: News

Filed Under:

Latest Virginia Regional News

Play associated audio

WILLIAMSBURG, Va. (AP) State police are being kept busy along a 12-mile stretch of Interstate 64 from Williamsburg south to Newport News. Authorities say troopers responded to more than 25 crashes early today along that stretch of highway, and they continue to mount.

RICHMOND, Va. (AP) The Virginia Senate has killed a measure to allocate funds received from possible offshore drilling for oil and gas off the state's coast to services such as education, health care and public safety. The measure had been pushed by new Gov. Bob McDonnell.

RICHMOND, Va. (AP) Virginia's House of Delegates has passed a bill that would ban the forced implantation of tracking devices in people. Warning of sinister privacy intrusions in an Orwellian world, Delegate Mark Cole says the bill means no one could be required to wear a tracking implant as a condition of employment.

RICHMOND, Va. (AP) The Senate Finance Committee has overwhelmingly advanced legislation that would require online retailers to pay the same Virginia sales taxes that stores do. On a voice vote with only one dissent, Senator Emmett Hanger's bill heads to the full Senate amid concern about weak sales tax receipts and a $4 billion revenue shortfall.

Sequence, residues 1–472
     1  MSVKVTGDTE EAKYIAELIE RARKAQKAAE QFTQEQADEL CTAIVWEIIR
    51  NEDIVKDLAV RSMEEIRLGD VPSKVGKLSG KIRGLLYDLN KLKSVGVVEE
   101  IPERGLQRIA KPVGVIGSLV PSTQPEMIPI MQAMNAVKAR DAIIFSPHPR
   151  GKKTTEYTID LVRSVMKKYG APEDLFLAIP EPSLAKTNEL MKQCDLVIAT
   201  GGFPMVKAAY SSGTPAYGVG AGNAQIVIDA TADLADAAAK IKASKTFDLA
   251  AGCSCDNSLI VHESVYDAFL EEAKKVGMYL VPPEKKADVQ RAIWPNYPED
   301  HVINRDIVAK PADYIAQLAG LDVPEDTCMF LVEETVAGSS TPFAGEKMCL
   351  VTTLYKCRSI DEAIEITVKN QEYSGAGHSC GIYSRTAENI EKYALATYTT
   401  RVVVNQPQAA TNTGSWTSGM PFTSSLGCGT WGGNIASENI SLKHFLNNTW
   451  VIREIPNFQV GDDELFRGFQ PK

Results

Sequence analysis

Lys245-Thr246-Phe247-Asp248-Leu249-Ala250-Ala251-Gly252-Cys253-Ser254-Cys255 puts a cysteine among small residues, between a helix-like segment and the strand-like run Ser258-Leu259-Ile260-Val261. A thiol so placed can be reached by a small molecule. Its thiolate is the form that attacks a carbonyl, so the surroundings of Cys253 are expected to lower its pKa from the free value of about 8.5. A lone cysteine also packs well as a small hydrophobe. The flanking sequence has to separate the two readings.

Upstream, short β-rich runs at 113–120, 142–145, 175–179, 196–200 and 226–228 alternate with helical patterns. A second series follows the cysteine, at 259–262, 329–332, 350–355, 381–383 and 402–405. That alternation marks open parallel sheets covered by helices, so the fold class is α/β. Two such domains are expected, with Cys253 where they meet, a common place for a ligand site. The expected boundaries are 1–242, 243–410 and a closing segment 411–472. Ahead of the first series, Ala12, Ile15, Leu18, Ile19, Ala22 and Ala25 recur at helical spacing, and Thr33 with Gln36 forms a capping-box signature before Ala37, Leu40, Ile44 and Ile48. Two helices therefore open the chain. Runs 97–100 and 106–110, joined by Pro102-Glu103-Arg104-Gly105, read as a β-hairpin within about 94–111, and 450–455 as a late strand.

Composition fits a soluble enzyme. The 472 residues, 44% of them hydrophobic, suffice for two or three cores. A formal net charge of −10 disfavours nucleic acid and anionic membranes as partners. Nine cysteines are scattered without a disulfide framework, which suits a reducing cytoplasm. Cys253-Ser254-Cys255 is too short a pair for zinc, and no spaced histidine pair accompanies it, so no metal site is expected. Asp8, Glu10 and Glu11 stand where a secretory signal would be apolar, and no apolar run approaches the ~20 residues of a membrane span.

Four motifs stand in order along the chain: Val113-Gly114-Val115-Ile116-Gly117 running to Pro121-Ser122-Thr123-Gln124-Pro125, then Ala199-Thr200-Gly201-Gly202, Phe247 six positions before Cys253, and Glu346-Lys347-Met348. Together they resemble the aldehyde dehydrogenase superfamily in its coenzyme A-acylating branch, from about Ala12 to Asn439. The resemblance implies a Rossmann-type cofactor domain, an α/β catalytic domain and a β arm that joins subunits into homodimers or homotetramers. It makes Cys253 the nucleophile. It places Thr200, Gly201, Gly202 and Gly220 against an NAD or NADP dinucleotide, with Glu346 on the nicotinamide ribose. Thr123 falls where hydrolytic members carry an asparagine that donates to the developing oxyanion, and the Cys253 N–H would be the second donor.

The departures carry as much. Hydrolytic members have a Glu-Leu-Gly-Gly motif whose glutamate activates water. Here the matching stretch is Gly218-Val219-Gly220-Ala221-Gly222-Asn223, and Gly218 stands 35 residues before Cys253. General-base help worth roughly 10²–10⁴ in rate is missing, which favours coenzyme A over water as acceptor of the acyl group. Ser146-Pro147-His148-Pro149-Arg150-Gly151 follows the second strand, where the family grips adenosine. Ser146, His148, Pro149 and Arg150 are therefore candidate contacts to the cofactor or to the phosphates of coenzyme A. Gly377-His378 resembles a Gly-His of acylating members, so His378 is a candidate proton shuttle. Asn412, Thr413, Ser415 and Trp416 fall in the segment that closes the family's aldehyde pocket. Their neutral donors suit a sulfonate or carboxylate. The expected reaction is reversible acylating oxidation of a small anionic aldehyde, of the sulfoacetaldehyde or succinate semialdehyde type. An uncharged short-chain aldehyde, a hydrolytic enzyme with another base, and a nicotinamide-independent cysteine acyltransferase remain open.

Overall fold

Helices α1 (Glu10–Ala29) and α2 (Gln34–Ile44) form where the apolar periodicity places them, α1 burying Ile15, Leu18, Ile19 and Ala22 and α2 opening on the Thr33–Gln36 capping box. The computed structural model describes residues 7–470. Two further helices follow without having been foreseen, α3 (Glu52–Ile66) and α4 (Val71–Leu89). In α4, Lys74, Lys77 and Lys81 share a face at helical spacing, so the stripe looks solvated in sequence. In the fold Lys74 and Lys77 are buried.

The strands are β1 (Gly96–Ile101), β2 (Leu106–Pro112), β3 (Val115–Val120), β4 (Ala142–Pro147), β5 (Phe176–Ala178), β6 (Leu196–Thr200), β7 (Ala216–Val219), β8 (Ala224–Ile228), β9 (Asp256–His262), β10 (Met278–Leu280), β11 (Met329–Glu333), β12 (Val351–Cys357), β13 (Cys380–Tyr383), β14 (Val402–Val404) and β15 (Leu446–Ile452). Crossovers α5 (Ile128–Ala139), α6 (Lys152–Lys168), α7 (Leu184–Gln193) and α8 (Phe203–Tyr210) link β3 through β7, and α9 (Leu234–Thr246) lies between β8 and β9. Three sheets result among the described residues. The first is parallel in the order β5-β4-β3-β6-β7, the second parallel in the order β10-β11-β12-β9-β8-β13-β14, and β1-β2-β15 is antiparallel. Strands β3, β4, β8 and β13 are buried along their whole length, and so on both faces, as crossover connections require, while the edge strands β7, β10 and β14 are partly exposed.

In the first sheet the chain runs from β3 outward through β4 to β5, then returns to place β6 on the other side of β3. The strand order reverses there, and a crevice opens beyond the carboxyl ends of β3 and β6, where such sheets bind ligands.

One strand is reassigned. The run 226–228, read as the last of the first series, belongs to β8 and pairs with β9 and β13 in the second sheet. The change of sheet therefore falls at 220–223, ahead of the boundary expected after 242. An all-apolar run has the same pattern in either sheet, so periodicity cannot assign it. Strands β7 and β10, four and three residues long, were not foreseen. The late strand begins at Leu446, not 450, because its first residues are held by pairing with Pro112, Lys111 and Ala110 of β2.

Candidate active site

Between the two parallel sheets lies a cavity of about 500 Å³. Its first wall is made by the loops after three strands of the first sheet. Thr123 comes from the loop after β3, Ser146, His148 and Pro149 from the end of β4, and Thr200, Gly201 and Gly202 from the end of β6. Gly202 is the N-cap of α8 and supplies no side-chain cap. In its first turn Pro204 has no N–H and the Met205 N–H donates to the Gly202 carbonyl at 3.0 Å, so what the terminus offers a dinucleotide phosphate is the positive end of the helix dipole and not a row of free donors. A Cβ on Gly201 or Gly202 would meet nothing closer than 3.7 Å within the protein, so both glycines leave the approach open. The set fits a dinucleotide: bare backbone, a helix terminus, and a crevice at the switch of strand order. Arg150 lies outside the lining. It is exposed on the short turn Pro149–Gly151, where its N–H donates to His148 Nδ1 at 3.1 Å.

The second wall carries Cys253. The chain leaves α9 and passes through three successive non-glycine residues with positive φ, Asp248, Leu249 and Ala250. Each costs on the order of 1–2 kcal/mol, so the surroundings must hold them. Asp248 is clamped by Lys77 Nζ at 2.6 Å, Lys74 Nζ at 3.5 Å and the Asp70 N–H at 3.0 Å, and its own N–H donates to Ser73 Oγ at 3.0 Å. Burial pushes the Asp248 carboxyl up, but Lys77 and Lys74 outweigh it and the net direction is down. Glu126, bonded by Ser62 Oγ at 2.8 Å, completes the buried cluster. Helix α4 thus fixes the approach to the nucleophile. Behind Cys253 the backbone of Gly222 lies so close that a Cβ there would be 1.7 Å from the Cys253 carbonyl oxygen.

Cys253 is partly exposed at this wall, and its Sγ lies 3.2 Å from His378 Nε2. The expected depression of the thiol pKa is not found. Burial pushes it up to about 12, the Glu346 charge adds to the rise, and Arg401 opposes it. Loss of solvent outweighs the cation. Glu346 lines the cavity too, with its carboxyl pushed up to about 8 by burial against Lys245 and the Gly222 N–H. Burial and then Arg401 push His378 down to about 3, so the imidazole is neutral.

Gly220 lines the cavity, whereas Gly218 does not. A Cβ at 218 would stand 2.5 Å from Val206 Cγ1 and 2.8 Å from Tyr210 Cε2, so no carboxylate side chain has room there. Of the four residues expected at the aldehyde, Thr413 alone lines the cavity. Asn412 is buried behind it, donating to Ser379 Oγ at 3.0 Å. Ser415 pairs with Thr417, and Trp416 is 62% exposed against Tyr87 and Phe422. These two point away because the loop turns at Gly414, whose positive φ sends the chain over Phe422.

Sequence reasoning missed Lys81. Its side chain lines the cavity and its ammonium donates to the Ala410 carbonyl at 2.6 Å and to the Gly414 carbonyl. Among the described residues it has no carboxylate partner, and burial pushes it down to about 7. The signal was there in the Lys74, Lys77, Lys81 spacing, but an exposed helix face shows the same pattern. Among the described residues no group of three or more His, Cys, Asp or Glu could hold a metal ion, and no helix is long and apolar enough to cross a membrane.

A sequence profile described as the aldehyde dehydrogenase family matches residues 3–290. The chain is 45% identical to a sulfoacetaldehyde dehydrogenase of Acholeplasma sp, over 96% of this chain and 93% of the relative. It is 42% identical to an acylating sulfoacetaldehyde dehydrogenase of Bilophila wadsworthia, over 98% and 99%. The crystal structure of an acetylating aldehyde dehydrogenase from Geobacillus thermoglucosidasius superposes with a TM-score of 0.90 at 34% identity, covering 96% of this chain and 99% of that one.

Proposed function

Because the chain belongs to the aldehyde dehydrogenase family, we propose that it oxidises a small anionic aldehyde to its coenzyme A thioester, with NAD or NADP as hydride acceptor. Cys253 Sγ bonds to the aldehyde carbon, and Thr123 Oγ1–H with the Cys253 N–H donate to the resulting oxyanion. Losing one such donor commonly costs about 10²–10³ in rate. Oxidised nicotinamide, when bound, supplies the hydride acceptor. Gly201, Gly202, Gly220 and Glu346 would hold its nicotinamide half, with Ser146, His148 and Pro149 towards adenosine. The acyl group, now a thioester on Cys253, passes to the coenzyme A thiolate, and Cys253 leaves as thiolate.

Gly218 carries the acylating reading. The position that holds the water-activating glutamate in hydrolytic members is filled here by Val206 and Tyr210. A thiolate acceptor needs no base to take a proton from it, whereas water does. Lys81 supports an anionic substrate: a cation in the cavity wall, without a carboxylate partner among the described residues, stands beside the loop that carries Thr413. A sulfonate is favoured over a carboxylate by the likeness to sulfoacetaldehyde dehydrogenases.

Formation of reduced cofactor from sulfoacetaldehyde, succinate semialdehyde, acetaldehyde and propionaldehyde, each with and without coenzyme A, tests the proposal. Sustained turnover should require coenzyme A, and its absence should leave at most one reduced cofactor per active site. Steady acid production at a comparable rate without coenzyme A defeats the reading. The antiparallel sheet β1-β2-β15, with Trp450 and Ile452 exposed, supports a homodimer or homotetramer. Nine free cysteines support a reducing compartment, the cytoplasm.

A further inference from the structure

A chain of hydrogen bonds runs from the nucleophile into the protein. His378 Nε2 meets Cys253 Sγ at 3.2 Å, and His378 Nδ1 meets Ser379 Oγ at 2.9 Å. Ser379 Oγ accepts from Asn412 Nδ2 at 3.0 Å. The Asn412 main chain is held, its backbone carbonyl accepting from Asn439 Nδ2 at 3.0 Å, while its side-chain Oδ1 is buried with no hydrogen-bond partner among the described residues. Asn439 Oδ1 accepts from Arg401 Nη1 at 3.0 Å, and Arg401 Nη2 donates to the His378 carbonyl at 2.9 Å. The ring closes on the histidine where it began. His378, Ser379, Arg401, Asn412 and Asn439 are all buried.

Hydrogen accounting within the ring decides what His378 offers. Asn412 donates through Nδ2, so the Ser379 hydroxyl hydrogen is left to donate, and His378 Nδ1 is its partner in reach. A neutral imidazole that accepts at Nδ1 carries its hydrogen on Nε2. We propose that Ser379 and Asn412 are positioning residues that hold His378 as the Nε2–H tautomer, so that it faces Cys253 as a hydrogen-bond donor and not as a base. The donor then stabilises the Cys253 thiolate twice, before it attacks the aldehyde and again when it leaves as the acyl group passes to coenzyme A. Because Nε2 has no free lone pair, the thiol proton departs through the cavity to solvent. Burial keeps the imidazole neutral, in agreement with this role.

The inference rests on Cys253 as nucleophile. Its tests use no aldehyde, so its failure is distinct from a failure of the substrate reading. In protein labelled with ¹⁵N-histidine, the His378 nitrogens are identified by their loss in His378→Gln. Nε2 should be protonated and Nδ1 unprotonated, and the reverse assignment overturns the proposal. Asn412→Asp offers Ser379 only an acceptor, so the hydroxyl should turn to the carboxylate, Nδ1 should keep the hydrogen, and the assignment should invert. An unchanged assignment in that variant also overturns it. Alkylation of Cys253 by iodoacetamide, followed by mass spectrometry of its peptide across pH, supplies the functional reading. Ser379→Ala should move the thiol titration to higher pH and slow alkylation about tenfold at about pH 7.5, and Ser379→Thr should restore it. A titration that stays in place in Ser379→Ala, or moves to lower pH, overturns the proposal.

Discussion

(Copyright 2010 by The Associated Press. All Rights Reserved.)

NPR

Far From 'Infinitesimal': A Mathematical Paradox's Role In History

It seems like a simple question: How many parts can you divide a line into? The troublesome answer was square at the root of two of Europe's greatest social crises.
NPR

Soup to Nuts, Restaurants Smoke It All

While you won't find cigarettes in restaurants anymore, some smoking isn't banned. It's not just meat, either; it's hot to smoke just about anything edible.
WAMU 88.5

Virginia Remains At Odds With Feds On Medicaid Expansion

Lawmakers in Virginia continue to resist the $9.6 billion Medicaid expansion on offer from the federal government as part of the Affordable Care Act.

NPR

Watch For The Blind Lets You Feel Time Passing

A new watch allows the blind to feel time on their wrists. Designer Hyungsoo Kim tells NPR's Wade Goodwyn his watch allows users to tell time accurately without revealing their disabilities.

Leave a Comment

Help keep the conversation civil. Please refer to our Terms of Use and Code of Conduct before posting your comments.